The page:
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Verizon fiddled its figures to avoid wireline investments, claims report

Verizon has allegedly broken an agreement to upgrade its wireline networks to provide all users with FTTP (Fiber to the Premises) FiOS internet services, and has instead diverted these funds to wireless investments at the expense of small businesses, low income families and seniors, according to a report from US research firm New Networks Institute (NNI).

Verizon New York reportedly charged local phone customers and the wirelines state utility $2.8bn (80% of its entire capex) on building 5,515 cell sites between 2010 and 2012 – capex which had been originally intended for wireline investments within the state. This has left many areas in the state without fiber lines and only the neglected copper lines – giving users nothing but frustratingly slow broadband for the year of 2016.

In New York alone, Verizon Wireless recorded 2012 revenues of $7.6 billion, but the NNI research shows that it spent just 3% of its this on wireline capex – and the operator is now two years late on its promise to deliver FTTP to all households in the state.

The report states that Verizon juggled its finances so that its Special Access services were kept profitable while the expenses were siloed into its Local Services unit. These Special Access services (now Business Data Services) pertain to those which provide data connections for businesses, such as ATMs, retail outlets and cell towers. This is an area where competitive carriers and cablecos could generate new revenues from their networks, but smaller players such as Sprint and Level 3 Communications have accused the big boys of putting lock and key to the market and charging unreasonable sums for usage. AT&T has also been under investigation by the FCC surrounding these allegations.

Verizon is accused of underpaying for use of Special Access networks while simultaneously overcharging competitors such as Sprint by up to $1bn annually. Another report from the Consumer Federation of America (CFA) and the NNI back in April found that Verizon has been overcharging an estimated $20bn a year for Special Access services.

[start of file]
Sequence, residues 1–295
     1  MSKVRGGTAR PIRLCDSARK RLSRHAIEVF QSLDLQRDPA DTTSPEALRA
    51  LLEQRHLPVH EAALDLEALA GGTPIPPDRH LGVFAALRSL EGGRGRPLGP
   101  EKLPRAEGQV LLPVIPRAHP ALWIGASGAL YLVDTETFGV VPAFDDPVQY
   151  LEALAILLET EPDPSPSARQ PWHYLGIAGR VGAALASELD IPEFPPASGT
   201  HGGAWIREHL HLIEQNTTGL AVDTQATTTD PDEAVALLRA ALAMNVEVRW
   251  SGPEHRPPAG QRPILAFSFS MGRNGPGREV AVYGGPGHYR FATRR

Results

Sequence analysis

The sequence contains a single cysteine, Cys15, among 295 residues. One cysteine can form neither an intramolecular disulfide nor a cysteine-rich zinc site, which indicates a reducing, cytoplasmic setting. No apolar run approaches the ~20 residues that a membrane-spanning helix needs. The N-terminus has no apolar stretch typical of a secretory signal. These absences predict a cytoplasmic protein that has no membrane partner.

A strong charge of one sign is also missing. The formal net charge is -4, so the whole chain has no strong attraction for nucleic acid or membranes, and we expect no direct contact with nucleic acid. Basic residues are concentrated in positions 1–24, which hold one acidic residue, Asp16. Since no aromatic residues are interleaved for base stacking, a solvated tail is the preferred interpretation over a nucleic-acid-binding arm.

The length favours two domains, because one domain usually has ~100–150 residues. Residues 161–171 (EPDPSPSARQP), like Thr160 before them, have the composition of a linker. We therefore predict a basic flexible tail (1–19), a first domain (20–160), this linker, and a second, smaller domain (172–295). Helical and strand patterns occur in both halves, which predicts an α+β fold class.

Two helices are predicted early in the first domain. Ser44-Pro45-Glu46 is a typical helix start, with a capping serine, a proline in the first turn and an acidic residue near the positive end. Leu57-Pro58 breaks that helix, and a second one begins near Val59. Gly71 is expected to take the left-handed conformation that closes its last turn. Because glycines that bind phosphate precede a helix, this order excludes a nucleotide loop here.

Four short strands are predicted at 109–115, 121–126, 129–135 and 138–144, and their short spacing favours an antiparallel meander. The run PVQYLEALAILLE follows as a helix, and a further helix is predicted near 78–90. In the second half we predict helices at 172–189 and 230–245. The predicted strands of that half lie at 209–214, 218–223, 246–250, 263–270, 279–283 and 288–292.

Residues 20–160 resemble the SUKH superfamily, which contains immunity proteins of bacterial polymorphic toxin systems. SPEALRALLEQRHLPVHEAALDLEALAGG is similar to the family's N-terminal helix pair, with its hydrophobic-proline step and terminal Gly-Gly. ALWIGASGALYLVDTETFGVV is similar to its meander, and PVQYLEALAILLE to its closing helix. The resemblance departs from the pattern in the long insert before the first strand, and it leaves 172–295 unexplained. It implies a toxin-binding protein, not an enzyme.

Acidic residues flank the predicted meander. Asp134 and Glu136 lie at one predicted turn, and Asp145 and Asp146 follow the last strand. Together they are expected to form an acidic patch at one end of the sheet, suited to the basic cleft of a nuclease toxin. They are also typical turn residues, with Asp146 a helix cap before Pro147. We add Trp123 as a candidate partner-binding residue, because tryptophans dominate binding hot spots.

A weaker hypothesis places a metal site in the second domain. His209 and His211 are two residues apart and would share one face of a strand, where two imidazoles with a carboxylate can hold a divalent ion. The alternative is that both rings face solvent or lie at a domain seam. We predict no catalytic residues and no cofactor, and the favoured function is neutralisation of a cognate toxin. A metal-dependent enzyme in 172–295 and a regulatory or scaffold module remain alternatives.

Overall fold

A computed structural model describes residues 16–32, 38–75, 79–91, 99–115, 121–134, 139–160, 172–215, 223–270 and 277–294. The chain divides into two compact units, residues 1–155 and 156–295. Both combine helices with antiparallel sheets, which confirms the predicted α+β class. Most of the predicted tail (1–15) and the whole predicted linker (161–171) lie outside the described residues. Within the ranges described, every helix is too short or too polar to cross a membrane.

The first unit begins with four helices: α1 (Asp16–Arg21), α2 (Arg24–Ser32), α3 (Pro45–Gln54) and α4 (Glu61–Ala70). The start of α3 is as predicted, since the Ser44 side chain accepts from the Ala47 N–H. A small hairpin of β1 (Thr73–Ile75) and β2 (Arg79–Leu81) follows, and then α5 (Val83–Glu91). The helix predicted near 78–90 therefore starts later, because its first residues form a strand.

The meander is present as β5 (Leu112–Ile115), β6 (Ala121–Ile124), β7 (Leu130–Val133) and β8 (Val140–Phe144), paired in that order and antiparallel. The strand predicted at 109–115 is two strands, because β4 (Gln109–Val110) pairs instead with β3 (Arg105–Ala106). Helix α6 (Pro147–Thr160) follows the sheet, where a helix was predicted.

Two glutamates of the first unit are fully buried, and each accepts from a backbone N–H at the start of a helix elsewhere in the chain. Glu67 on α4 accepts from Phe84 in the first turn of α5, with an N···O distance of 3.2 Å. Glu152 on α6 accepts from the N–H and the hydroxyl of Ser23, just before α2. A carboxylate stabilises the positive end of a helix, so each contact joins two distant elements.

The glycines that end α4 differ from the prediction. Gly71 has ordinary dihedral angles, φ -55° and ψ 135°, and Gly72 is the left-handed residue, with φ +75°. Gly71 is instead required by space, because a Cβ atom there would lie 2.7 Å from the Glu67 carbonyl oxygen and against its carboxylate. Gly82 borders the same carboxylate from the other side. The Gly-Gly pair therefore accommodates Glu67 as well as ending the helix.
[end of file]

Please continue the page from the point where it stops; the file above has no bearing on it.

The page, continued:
Verizon has spent huge sums on IoT acquisitions in recent months as it strives to be a wireless-first company and grab a foothold in the emerging smart city and connected car markets – in April it spent $1.1bn on Fleetmatics, followed by $1bn on Telogis, $4.4bn on AOL, and most recently some $4.8bn on the internet assets of Yahoo. How then, can the telecoms giant justify lesser investments into network upgrades which had been promised to its customers, as well as seemingly divert that money to alterative business ventures?

The agreement states that Verizon’s FTTP network would “pass all households” by June 30 2014. It was then granted an extension until November 14 but still failed to fulfill its obligations. The state of New York sent a letter to Verizon VP Monica Azare last week ordering the company to provide records to its provision of cable service available for a full investigation, Verizon has 30 days to respond.

Bruce Kushnick, executive director, New Networks Institute, stated, “Verizon has no serious plans to upgrade or even maintain the existing copper wires. A more troubling issue is that Verizon has diverted billions per state to build out its wireless networks by having the wireline state utility take over the capital expenditures budget. Verizon has left the majority of municipalities with a deteriorating copper network, which, depending on the state, should have been replaced with fiber optics. This has left most areas without direct, very fast broadband.”

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